>I think Josh can
> take the discussion about a press release off-list in order to get
> something of quality put together and then post that for public review
> before sending it out (like someone saying I want to code feature x,
> getting a few guys to help him on it, and then posting the results to
> patches before it gets included). Do you see any problems with that?
We can do that for *this* particular release, as it happens, mostly becuase
this news has been leaked already. But that won't necessarily be true with
all, or even most, releases -- most will require being off-list until they
are sent out to PRWeb.
I think, though, that there are a few issues here, one of which is that press
releases are *not* like patches. A patch gets held back, sometimes
indefinitely, if it's not sufficient quality. A press release often needs
to go out by a specific date, whether or not it's perfect -- the target is
producing the best release that can go out on that date, rather than meeting
a particular standard. News which is not timely is not news at all.
As a result, people who decide not to help or give feedback during writing the
release, but reserve the right to criticize it the day it's supposed to go
out, make it very frustrating and difficult for people trying to generate PR
for the project to get anything done. Not that the same isn't true of
patches, but that's not my area of responsibility.
Certainly I'm not going to start running press releases past the Hackers list.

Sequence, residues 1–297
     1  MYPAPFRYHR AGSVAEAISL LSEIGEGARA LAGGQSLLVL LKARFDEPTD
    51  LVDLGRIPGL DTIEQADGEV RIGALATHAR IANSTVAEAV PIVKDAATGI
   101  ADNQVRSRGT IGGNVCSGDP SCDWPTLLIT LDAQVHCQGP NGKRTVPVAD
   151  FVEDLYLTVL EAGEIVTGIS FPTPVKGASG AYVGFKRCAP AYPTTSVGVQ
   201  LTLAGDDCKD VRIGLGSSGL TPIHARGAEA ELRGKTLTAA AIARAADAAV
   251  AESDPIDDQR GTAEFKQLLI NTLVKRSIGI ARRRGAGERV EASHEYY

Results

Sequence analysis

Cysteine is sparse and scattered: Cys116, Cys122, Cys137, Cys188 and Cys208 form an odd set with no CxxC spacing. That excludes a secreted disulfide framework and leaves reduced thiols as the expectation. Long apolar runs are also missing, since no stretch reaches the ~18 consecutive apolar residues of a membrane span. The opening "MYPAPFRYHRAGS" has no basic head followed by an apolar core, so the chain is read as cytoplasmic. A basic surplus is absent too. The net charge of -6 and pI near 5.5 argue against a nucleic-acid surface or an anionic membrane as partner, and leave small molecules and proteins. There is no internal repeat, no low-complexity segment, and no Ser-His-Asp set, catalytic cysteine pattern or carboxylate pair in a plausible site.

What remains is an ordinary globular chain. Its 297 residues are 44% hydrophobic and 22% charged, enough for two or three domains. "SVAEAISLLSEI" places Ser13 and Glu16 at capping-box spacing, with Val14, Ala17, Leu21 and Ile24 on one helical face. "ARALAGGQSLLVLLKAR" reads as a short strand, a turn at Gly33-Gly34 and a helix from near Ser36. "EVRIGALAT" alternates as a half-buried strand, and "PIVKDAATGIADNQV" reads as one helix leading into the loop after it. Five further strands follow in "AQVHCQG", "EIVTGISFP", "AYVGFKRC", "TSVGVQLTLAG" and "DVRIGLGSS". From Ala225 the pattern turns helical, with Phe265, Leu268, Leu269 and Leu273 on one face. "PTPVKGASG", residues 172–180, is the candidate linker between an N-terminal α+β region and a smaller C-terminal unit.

That's what this list is for. And, Peter, all PR *does* get run past Core
-- often including PR by external companies which focuses on PostgreSQL.
As to why releases need to be keep off-line? As part of a successful PR
campaign for any organization, you cultivate personal relationships with
individual reporters. This relationship usually includes feeding them news
a little bit ahead of the wire, and in return you get better coverage for
that news. But, if the release is available on a public mailing list with
public archives days before it's released, you lose all control over who gets
The other reason is that releases, and quotes, can get pulled by external
parties at the last minute. If the release text has already appeared on a
public mailing list, it's all too possible that some news source would have
already grabbed it and posted it somewhere. The results would range from
embarassing to finding ourselves in court.
Aglio Database Solutions
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